|Every one saying hello to Nina!|
On Wednesday, September 1, 2010 Nina did what she had been dreaming about for the past 2 years....she went to kindergarten. The first words out of her mouth on Wednesday morning were, "I'm so excited to go to kindergarten!" She picked out her dress and shoes and allowed me to comb her hair thoroughly, which for us is a really big deal :)
We decided to pick Wednesday as her first day because her treatment was scheduled very early. If everything went according to plan then Nina would be able to attend the last hour of kindergarten. Immediately after radiation, Eileen drove us to Kellogg Elementary. Nina began to whimper and said she was scared. I reassured her that I would be with her the entire time!
At first, I had been reticent about sending Nina to school. I was worried about how the other kids would respond (many of them had gone to preschool with her) and how the progression of her diagnosis would impact them. Mrs. Knight (the principal) and Mrs. Detrich (the teacher) assured me that Nina was welcome and that it was important for us to do this for her given how long she had waited for this moment. Todd agreed and so we proceeded.
|Mrs. Detrich getting Nina ready for her 1st day of school photo!|
We signed in at the front office and just by luck found her classmates walking from lunch to the playground for recess. We joined the line, put our backpack away and followed the rest of the kids to the playground. To say that her classmates and peers were delightful does not do justice. Her peers were incredibly blessing and made Nina's first day of kindergarten the most amazing day ever!!!
Because of the work I do with kids with autism, I have always been a huge proponent of inclusion. Not only is it important for kids with ASD to have peer models for appropriate communication, socialization, and behavior, I believe it is equally important for typically developing kids to learn to love, interact and support any friend, irrespective of disability, label, race, creed, gender or socio-economic status. However, all of my experience with inclusion has been through the lens of the professional. Normally, I'm there to support the student, parent, and teachers. However, this time the roles were reversed. I was not in the professional's seat but in the parent's seat. Everything was different but so familiar.
Albeit Nina does not have a disability like ASD, the experiences we are having with her developmentally, adaptively, emotionally are very parallel. She is not the same Nina that went on play dates, took swim lessons, and started playing the piano a month ago. She was different and all of her old friends immediately recognized this. But the beauty of children is that they adapt to differences way more easily than adults. Even though it was blaringly obvious that Nina was different they welcomed her any way. Her old friends showed her around, talked to her, and didn't get upset or discouraged when she did not respond (which was 95% of the time!).
At one point, Nina's buddy Ryder turned to me and said, "I wish Nina could talk like her old self!" My heart sank. Nina had a huge crush on Ryder all of last year. He wrote her notes with stickers and put them in her cubby. In fact, just the previous day he had sent her a get-well card and drawing. I will never forget the afternoon when Nina confessed her interest in Ryder. We were walking from her preschool to Kellogg to pick up Teddy. As were were walking she turned to me and said, "Ryder has a great nose. He's also got great hair and nice clothes! I really like playing with him mom!" She was so sweet it melted my heart. I immediately texted Todd with the story but it had a slightly different impact on him :) Unfortunately, the story didn't melt Todd's heart it just made it panic and he enthusiastically reminded me that she wasn't allowed to date until she was 30: )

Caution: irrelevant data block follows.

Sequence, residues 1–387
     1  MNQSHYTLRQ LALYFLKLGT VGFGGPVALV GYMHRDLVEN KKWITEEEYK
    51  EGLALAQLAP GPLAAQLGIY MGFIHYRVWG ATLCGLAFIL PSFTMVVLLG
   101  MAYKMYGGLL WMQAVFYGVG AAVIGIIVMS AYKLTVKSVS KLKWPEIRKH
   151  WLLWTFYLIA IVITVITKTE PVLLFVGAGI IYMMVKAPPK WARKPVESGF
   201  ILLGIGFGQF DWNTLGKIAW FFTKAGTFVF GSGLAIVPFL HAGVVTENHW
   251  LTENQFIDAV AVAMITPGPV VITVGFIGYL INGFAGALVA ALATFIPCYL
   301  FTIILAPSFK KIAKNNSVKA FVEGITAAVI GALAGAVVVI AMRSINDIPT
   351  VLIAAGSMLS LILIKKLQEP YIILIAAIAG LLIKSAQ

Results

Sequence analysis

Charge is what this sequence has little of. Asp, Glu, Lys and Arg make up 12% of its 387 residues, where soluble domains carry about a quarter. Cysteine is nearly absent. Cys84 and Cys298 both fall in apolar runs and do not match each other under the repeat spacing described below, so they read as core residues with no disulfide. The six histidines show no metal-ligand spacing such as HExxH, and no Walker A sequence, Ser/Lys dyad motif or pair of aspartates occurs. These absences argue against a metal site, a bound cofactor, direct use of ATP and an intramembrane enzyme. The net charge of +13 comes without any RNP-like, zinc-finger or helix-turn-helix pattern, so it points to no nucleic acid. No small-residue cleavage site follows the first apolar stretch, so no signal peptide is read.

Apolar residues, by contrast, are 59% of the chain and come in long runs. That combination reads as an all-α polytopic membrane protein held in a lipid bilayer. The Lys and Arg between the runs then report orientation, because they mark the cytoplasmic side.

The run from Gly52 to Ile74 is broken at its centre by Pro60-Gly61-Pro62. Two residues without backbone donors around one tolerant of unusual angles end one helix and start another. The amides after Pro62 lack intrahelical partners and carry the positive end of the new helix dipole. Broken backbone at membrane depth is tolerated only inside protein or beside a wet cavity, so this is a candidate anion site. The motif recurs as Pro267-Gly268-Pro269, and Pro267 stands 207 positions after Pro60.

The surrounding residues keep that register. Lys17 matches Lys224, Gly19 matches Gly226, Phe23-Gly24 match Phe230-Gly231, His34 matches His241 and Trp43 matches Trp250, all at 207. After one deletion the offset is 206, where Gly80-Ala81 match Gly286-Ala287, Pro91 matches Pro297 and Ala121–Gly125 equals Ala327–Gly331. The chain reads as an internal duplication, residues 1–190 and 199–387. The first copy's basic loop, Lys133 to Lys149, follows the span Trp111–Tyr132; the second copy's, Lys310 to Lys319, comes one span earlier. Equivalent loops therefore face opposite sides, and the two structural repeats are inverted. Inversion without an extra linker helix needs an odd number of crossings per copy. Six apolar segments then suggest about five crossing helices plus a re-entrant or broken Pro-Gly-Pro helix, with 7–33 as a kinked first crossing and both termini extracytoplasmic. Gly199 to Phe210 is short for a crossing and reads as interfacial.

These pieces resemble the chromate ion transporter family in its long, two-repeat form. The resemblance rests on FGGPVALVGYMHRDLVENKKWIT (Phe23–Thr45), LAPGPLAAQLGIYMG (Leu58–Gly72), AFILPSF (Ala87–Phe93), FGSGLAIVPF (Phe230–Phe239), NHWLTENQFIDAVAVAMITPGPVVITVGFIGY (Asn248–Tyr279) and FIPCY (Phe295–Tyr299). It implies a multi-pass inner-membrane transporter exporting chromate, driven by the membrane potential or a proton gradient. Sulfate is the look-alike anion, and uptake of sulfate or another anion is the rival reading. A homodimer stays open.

Well, sweet Ryder knew something was different and he lamented that his friend couldn't play spy like she had done so many times during preschool. Despite being sad and even disappointed, Ryder was an angel. At one point he spontaneously took Nina by the hand and walked with her back to the classroom, reassuring her that everything was alright. My heart sang for joy and it took all of my will power to not burst into tears of happiness.
As if all the sweetness of seeing old friends and meeting new ones was not enough, it as Flag Salute Wednesday, which meant the entire school met out in the quad. I was so happy when Teddy noticed his sister in the kindergarten area and waved to her with the most sincere love and pride a brother could have!! Our neighbors, Cami and Katie also noticed Nina and waved. I knew right then and there that we had made the right decision, not just for Nina but for Teddy and all of the other kids who love Nina. For a tiny bit, Nina was a member of Kellogg elementary and her brother will always remember that!!!
When we first found out about the diagnosis, lots of ideas of fancy vacations were thrown around. But because of this day of inclusion, I learned that simplicity is most definitely sweeter and more meaningful. We didn't have to go any where fancy to make Nina happy. We just brought her to school and had her be a part of a most beloved community!!! Go bulldogs!!!
|The happiest kindergarten girl ever!!|